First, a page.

The government’s decision to end a scheme allowing vulnerable refugee children into the UK is “shameful”, Labour’s Yvette Cooper has said.
Ministers announced on Wednesday they would stop arrivals in March once they reached 350 – far fewer than the 3,000 originally expected – due to fears it was encouraging people traffickers.
Ms Cooper said the government was “turning its back” on children.
The Archbishop of Canterbury said he was “saddened and shocked”.
The so-called Dubs amendment, designed by the Labour peer and former child refugee Lord Dubs, aimed to help some of the estimated 90,000 unaccompanied migrant children across Europe.
Ms Rudd defended the decision to end the scheme, which she said had been made after France raised concerns it could be encouraging more children to make the perilous journey to Europe.
Responding to an urgent question in the Commons from Ms Cooper, who chairs the Home Affairs Select Committee, Ms Rudd said: “I am clear that when working with my French counterparts they do not want us to indefinitely continue to accept children under the Dubs amendment because they specify, and I agree with them, that it acts as a draw.
“It acts as a pull. It encourages the people traffickers.”
Faced with a rebellion in the House of Lords, then Prime Minister David Cameron announced last year that he would accept the Dubs amendment and settle more child refugees.
On Wednesday, ministers announced that 200 children had been brought in under the scheme and that it would close after another 150 were settled in the UK.
‘Squalor and hopelessness’
Speaking in the Commons, Ms Cooper said thousands of child refugees were languishing in camps in Greece and Italy, desperate for help and at risk of abuse, exploitation and modern slavery.
“Britain can do better than this. Will she accept that and reinstate the Dubs programme now?”
But Ms Rudd said the UK was concentrating its efforts on providing aid and resettlement to vulnerable people in crisis-hit regions such as Syria.
She said: “I completely reject her attack. The UK has a strong reputation in Europe and internationally for looking after the most vulnerable. That will continue.
“We have a different approach to where those most vulnerable are, we believe that they are in the region.
“That’s why we have made a pledge to accept 3,000 children from the region and we are committed to delivering on that.”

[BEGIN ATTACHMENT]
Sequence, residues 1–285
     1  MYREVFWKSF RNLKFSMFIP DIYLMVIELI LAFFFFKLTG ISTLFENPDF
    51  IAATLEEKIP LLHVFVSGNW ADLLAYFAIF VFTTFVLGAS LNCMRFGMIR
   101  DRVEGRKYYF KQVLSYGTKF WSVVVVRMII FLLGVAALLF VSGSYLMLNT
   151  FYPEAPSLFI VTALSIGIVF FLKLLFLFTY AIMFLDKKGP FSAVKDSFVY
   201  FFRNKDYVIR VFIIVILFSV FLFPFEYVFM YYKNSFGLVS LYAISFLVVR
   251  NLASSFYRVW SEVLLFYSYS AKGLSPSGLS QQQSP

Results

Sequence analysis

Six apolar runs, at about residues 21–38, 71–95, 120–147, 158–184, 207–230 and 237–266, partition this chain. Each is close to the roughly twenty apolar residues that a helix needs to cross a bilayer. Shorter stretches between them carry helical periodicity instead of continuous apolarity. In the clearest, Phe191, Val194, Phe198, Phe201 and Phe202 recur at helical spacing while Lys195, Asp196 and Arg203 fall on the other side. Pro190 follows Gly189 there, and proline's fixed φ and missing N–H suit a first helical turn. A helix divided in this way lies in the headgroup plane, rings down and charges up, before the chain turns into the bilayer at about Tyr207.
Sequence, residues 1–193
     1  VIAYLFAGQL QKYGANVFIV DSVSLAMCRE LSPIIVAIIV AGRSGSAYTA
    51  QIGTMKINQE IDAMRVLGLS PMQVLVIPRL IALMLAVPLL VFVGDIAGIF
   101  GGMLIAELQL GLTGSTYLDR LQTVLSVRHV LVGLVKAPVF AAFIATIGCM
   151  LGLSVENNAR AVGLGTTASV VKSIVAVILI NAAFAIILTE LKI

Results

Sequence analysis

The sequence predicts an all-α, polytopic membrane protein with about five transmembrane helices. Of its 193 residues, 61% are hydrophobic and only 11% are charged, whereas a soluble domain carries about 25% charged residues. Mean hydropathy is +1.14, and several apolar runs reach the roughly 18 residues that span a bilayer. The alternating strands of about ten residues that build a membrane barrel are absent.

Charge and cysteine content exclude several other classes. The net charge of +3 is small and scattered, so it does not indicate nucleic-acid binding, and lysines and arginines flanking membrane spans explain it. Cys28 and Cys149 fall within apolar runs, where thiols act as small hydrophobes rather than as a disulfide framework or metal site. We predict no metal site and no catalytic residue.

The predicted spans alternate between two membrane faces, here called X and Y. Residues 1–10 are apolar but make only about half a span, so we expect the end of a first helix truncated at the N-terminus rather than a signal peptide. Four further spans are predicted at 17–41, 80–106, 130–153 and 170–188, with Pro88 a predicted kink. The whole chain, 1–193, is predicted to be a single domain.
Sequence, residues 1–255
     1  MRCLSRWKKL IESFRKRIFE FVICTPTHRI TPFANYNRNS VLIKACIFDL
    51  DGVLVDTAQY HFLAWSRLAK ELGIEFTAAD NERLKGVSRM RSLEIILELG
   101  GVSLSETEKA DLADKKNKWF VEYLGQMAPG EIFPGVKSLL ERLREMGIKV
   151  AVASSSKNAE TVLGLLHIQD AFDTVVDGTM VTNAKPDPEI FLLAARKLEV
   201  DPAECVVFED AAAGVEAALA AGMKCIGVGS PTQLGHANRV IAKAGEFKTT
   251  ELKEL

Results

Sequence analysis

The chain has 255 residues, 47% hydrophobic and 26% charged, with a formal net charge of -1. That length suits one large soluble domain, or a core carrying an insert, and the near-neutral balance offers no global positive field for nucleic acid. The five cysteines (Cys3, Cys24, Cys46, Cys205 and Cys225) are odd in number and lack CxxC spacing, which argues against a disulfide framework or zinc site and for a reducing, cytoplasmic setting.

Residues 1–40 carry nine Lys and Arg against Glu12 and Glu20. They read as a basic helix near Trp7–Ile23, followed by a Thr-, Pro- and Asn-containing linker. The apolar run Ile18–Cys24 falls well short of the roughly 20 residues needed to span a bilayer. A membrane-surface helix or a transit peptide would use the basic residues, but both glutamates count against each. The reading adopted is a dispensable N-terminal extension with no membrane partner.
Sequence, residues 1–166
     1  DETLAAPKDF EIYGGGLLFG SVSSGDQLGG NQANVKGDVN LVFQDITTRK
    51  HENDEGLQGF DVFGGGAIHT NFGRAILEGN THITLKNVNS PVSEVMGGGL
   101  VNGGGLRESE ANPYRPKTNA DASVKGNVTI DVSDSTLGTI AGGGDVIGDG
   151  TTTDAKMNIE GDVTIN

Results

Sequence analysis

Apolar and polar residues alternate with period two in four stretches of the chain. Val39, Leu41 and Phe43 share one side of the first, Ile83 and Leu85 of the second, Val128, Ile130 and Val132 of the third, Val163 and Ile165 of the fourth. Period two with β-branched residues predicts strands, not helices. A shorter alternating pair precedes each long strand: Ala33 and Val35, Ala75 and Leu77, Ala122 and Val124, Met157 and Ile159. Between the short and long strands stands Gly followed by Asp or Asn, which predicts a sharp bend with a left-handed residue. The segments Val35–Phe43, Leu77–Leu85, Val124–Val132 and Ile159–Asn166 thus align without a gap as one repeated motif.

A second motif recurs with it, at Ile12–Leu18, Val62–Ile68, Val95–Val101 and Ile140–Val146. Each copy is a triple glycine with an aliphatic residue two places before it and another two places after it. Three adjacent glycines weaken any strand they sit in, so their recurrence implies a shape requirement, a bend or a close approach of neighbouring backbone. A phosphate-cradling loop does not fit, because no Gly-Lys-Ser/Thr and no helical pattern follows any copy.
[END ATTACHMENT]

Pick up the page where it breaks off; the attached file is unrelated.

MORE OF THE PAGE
Shadow home secretary Diane Abbott attacked Ms Rudd, saying: “How does she live with herself, leaving thousands of children subject to disease, people trafficking, squalor and hopelessness?”
Responding in the House of Lords, Lord Dubs said: “It wasn’t long ago that I remember that the prime minister when she was home secretary told me the government was prepared to accept the amendment.
“It was on the same day that the then immigration minister said to me that the government would accept the letter and the spirit of that amendment.
“I believe in arbitrarily closing down the scheme, without any good reason for doing so, the government is in breach of its own commitments.”
Tory Lord Cormack said concern over the government’s decision was not confined to the Labour and Liberal Democrat benches.
Senior Church of England clergy have also condemned the decision.
The Most Reverend Justin Welby said the UK had a “great history of welcoming those in need, particularly the most vulnerable, such as unaccompanied children”.
He went on to say he believed the government was committed to welcoming up to 3,000 children under the scheme and to end it now was “regrettable” and that he hoped it would reconsider its decision.
The Bishop of Croydon, the Rt Revd Jonathan Clark, who has been involved with the Church’s efforts to welcome child migrants, said the government was “in effect helping the trafficking industry”.
A legal challenge on how the government has handled the legal commitment will go ahead on Friday.